A Complete Analysis of The Violin Concerto No. 1 in G minor, Opus 26

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The Violin Concerto No. 1 in G minor, Opus 26 is one of the most famous violin concertos over the musical history. It is also considered to be the most renowned work by the German composer Max Bruch. I will begin with a short explanation of why I choose to analyse this piece followed by what makes this piece so remarkable. I will then present the musical context – German Romantic period – in which this piece was composed and discuss how it is representative of this period. Also, I will present briefly the biography of the composer and relate his life and style with this particular piece of music. After, I will explain the basic structure of a concerto, associate it with this violin concerto, and analyse how each movement is related. Then, I will analyse some psychoacoustic parameters of this piece (pitch, dynamics, rhythm, and texture). Finally, I will give my appreciation of this piece in term of beauty, musical expression, and mood.


Personal. An insightful analysis and understanding of a piece of music could lead me to play it with the emotions that the composer wants to express. As I may do a grade 10 RCM examination in two years, I chose to analyse this piece from the syllabus because it is among the best violin concertos and the most representative work of its composer. Also, as a member of the Westmount Youth Orchestra, I have played the tutti part of Mendelssohn’s Violin Concerto in E minor, Opus 64 and I find it very beautiful. As these two concertos are so much related (same country and same musical period), Bruch’s Violin Concerto No.1 arouses my curiosity.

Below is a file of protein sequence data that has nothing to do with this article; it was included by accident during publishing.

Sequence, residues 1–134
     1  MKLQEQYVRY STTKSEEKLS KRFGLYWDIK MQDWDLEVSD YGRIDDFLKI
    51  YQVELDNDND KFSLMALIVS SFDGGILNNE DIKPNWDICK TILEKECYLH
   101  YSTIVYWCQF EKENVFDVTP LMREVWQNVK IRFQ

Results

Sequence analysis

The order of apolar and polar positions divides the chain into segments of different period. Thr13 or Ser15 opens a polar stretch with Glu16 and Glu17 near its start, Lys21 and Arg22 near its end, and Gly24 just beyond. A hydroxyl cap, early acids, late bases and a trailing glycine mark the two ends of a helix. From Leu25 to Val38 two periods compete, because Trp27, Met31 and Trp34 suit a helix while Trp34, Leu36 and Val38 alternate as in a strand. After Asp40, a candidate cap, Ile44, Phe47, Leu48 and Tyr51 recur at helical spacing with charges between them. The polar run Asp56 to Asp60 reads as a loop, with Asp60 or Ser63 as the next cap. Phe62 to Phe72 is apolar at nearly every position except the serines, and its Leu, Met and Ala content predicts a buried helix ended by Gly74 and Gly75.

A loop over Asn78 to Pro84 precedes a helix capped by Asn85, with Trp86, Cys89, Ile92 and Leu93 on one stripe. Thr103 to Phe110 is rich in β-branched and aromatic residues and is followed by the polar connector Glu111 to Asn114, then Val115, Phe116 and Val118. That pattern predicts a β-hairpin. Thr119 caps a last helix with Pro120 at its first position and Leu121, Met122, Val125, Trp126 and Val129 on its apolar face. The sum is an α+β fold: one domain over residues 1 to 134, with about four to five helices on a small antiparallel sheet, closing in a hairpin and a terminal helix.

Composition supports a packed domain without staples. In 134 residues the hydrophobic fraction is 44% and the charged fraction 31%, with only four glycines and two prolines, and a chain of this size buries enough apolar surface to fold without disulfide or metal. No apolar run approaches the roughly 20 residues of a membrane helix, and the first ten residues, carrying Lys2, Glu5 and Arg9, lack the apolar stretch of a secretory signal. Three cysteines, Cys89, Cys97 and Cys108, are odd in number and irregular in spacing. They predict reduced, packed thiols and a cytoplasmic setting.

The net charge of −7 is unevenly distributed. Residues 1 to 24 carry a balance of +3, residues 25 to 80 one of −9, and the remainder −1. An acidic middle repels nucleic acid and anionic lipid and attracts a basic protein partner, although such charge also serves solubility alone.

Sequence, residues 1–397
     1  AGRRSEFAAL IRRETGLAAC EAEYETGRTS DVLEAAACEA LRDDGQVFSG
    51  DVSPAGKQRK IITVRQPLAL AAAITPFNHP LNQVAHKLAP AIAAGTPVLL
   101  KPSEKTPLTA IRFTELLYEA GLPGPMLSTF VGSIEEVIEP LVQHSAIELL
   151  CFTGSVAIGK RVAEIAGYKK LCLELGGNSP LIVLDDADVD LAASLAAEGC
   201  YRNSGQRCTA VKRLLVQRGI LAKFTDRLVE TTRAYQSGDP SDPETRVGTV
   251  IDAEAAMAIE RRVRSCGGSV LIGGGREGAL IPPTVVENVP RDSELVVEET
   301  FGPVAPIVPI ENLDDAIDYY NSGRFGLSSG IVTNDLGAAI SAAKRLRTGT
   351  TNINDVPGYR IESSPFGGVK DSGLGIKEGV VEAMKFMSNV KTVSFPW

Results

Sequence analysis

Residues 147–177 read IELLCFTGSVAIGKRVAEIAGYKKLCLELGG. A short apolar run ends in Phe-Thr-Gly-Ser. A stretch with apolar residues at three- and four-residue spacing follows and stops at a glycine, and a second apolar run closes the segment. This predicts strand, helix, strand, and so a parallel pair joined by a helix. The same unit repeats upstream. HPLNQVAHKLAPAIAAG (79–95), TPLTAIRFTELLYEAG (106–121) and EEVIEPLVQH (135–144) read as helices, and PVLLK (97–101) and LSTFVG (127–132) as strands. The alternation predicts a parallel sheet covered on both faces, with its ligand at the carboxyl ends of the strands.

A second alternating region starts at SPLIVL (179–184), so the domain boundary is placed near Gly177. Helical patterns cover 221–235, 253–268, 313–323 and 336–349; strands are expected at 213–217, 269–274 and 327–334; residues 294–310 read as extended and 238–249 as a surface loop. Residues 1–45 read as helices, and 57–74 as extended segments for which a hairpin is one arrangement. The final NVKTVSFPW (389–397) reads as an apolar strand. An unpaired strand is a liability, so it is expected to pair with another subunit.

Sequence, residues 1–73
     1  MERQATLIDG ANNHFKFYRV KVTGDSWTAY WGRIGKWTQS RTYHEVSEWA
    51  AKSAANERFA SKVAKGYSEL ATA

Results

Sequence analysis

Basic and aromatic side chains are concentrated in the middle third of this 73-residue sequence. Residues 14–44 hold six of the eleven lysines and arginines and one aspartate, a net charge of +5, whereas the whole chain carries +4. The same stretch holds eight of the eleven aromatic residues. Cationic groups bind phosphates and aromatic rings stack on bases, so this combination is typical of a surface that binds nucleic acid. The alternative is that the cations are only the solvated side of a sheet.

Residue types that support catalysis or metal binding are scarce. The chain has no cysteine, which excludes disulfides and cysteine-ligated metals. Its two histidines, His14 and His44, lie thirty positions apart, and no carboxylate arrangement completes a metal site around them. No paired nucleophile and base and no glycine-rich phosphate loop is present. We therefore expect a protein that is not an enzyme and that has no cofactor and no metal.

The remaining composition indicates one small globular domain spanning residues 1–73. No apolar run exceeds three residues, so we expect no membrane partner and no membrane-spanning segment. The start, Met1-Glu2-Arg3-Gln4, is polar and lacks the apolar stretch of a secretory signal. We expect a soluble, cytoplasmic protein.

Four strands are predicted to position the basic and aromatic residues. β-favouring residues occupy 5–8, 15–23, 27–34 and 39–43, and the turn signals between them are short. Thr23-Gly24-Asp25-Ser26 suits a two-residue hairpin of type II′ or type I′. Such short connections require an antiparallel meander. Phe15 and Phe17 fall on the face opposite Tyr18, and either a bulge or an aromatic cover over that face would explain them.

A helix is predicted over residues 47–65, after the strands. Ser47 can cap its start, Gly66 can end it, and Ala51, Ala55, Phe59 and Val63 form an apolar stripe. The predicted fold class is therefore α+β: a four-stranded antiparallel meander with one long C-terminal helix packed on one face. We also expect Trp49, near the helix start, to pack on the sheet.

Historical. This brilliant composition is considered as one of the two most important violin concertos of the German Romantic period, with Mendelssohn’s vi...

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...ld, Chirstopher. Max Bruch: His Life and Works. 2nd ed. Woodridge: Boydell, 2005. Print.

Kenyon, Nicholas. “Max Bruch (1838-1920).” The BBC Proms Pocket Guide to Great Concertos. London: Faber and Faber, 2003. 60-62. Print.

Lee, M. Owen. “Max Bruch: 1938-1920.” The Great Instrumental Works. Pompton Plains (NJ): Amadeus, 2005. 168-69. Print.

Samson, Jim. "Romanticism." Grove Music Online. Web. 5 Nov. 2011. .

Veinus, Abraham. “Max Bruch: 1838-1920.” Victor Book of Concertos. New York: Simon and Schuster, 1948. 115-119. Print.

Webster, James. "Sonata Form." Grove Music Online. Web. 5 Nov. 2011. .

Wharram, Barbara. Elementary Rudiments of Music. Ed. Kathleen Wood. 2nd ed. Mississauga, Ont.: Frederick Harris Music, 2010. Print.

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